Billiard champ Minnesota Fats dies in Tenn.

DEATHS ELSEWHERE

January 19, 1996

Minnesota Fats, the boastful billiard wizard who could shoot pool with either hand, stuffed $100 bills in his chest pocket and was portrayed in the movie "The Hustler," died yesterday in Nashville, Tenn., a day before his birthday. Fats, whose exact age was unknown, died of congestive heart failure.

"He was the world's greatest," his wife, Theresa Bell Wanderone, said in announcing his death. "Now he's finally in heaven shooting it out again with [Willie] Mosconi. He always said, 'St. Peter, rack 'em up.' "

Mr. Mosconi, Minnesota Fats' legendary rival, died in 1993 at 80.

Fats' age was a matter of dispute. Associates said he was born Jan. 19, 1900, but a 1966 biography, "Bank Shot," listed his date of birth as Jan. 19, 1913.

Fats, whose real name was Rudolf Wanderone Jr., was portrayed by Jackie Gleason in the 1961 movie that starred Paul Newman. He was born in New York City and played pool all his life in various parts of the country.

Fats, who once weighed 245 pounds, was known earlier in his pool days as New York Fats, but became known as Minnesota Fats because of the Gleason character in the movie.

He also was nicknamed "Fatty," and described as "triple smart," "dean of the green," "the sultan of stroke" and "bank shot bandit."

He suffered a heart attack in 1992. The same year, he married Theresa Ward Bell. A previous marriage ended in divorce.

Josephine Patterson Albright, 82, a journalist and philanthropist, died Monday in Woodstock, Vt., of complications after a stroke. She began her career in journalism as a court reporter for the Chicago Daily News before joining Newsday in 1949. Her column, "Life with Junior," chronicled her experiences raising four children. She was the widow of artist Ivan Albright, sister of Newsday founder Alicia Patterson, and part of a family whose members at one time owned the Chicago Tribune, the New York Daily News and the Washington Times Herald.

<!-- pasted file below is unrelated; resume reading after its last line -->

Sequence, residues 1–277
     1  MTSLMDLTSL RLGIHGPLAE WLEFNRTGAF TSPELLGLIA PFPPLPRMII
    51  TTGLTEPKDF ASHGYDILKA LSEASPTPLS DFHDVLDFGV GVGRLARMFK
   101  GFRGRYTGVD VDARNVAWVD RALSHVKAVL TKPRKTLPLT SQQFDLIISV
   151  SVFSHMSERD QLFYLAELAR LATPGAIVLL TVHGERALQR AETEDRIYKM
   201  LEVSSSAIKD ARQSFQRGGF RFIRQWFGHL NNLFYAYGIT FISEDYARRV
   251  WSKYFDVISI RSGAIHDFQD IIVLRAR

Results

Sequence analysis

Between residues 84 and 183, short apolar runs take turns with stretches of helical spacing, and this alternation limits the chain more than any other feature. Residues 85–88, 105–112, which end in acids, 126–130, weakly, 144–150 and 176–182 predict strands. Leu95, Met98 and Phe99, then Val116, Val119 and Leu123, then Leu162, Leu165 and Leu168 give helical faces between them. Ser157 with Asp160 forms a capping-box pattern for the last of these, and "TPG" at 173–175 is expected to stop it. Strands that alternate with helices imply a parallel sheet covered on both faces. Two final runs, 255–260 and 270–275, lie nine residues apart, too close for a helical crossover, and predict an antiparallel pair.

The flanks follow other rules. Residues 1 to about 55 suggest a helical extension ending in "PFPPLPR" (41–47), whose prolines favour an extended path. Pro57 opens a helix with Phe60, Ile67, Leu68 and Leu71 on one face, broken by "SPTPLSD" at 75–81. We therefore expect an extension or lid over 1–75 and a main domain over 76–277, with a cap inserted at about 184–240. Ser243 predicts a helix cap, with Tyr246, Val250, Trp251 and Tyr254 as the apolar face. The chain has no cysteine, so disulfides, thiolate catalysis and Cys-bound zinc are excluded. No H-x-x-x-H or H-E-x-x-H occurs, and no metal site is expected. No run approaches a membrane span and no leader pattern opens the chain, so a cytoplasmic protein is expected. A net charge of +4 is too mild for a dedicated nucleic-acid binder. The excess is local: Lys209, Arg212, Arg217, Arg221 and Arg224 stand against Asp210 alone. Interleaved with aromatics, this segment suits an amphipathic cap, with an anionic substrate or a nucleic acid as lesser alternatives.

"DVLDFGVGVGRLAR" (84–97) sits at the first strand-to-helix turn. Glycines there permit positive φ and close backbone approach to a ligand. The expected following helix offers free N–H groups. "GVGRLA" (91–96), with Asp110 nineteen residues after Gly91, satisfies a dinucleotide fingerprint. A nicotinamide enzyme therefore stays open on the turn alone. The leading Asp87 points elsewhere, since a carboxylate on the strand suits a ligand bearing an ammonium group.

Sam Griffith, 38, the son of actor Andy Griffith, was found dead of unknown causes Wednesday in his Los Angeles home. Sam Griffith pleaded no contest to spousal abuse charges in 1992. Renee Denise Griffith said he struck her several times and kicked her. She was two months pregnant and suffered a

miscarriage.

F. Don Miller, 75, who helped the U.S. Olympic Committee emerge from the turmoil of Cold War confrontation to become a multimillion-dollar sports giant, died of cancer Wednesday in Colorado Springs, Colo. As executive director of the USOC from 1973-1984, he led it through a turbulent era that included the U.S. boycott of the 1980 Moscow Games and the hugely profitable 1984 Los Angeles Olympics. He and then-USOC president Robert Kane helped Los Angeles keep the 1984 Games after the city council rejected any financial support. He also helped organize the National Sports Festival and introduced a sports medicine program for U.S. athletes.

Dr. Ernst Morch, 87, an inventor, anesthesiologist and member of the Danish resistance during World War II, died Saturday. During the German occupation of Denmark, he created what became known as the Morch Piston Respirator, a forerunner of respirators in use today, out of sewer pipe rigged to a cast-off piston and motor.

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